Question 2: When a substance changes state (for example from liquid to solid by freezing), does its
mass (or weight) change? Explain this in terms of the particle model.




Question 3: What effect does the addition of salt have on the boiling point of water?




Question 4: How does the surface area of a body of water effect the rate of evaporation? How can
this be explained using the particle model?




Question 5: What happens to metal when it is heated up? What happens when it is cooled down?
What are the particles in these solids doing in each case?




Question 6: Name one substance which dissolves easily in water, and one which does not dissolve
easily in water. What effect does stirring have on the ability of a substance to dissolve? What effect
does temperature have on the ability of a substance to dissolve.




Page 11 of 15                                                                    Nicholas Stebbing 2006
Year 7 Science Practical Tasks – Materials & Mixtures                       Name:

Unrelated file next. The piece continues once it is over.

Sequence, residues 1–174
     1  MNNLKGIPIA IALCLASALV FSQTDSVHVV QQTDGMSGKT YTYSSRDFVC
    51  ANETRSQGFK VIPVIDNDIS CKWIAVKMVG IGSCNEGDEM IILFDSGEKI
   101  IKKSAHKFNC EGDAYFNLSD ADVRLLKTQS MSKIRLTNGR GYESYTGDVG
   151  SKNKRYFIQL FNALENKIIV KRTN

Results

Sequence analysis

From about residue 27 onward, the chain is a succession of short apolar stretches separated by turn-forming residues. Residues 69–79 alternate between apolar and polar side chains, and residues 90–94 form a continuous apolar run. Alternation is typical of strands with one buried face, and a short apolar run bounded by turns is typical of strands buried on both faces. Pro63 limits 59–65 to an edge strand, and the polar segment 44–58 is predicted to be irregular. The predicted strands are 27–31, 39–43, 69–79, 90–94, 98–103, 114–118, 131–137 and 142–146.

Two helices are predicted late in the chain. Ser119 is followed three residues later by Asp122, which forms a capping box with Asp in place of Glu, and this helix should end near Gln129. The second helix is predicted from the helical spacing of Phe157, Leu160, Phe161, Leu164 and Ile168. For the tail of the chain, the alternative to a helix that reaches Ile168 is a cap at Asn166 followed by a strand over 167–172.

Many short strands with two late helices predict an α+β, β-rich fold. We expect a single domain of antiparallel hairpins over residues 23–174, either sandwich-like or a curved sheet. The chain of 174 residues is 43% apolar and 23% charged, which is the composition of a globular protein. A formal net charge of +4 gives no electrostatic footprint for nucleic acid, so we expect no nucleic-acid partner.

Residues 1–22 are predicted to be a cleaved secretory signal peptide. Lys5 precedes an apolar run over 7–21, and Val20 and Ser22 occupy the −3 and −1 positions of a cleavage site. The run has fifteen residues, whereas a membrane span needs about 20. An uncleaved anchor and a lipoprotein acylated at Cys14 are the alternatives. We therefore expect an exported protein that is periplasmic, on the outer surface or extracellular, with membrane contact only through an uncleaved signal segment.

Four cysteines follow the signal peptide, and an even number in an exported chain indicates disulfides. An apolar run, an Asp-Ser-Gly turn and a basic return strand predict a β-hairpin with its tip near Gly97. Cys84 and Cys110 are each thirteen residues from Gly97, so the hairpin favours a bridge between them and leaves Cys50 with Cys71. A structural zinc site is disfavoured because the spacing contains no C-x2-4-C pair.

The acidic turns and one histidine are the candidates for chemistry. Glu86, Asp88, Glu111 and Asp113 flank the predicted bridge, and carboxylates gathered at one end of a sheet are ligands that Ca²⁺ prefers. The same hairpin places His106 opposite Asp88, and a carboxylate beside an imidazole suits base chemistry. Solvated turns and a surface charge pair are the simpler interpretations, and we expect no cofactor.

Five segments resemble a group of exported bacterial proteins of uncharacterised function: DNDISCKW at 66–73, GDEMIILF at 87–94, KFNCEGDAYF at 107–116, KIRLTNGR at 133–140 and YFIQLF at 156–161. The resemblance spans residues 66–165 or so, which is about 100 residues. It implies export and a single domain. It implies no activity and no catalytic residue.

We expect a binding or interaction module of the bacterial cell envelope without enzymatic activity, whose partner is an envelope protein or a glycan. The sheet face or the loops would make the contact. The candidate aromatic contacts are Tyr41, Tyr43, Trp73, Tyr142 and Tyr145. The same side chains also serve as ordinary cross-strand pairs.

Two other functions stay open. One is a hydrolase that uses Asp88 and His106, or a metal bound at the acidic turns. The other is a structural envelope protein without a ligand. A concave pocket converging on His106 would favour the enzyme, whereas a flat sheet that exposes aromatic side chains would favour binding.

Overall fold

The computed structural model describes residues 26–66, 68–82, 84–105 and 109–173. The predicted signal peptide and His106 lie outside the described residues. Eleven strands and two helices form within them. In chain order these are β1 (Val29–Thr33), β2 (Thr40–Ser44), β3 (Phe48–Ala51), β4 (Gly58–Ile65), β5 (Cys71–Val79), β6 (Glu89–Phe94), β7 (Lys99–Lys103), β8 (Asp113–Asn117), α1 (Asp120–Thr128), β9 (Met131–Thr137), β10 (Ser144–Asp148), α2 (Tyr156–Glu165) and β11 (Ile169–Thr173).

Date:
Oral Presentation Planning Sheet                                            Partners’ names:



Instructions
Follow the steps below to prepare your group’s presentation. Each group member should complete
one of these sheets individually (do not just complete one sheet per group).

Step 1: Organise the content of your presentation
This section should be completed as a group.
Using the table below briefly describe what will be said during each sectio n of your presentation,
then work out who will be talking during each section and how long they will be talking for.

Section                       What will be said?                Who will say it?     How long will
                                                                                     they talk for?
Introduction
Body – Aim
Body – Equipment
and method
Body - Results
Body – Discussion
(Include answers to your
discussion questions here).
Conclusion


Step 2: Work out exactly what you are going to say
Each group member should complete this section individually.
In the space below write out what you are going to say word for word. If you need more space you
can write in your workbook.




Step 3: Summarise your presentation in point form
On a separate piece of paper summarise what you have written in the box above into a series of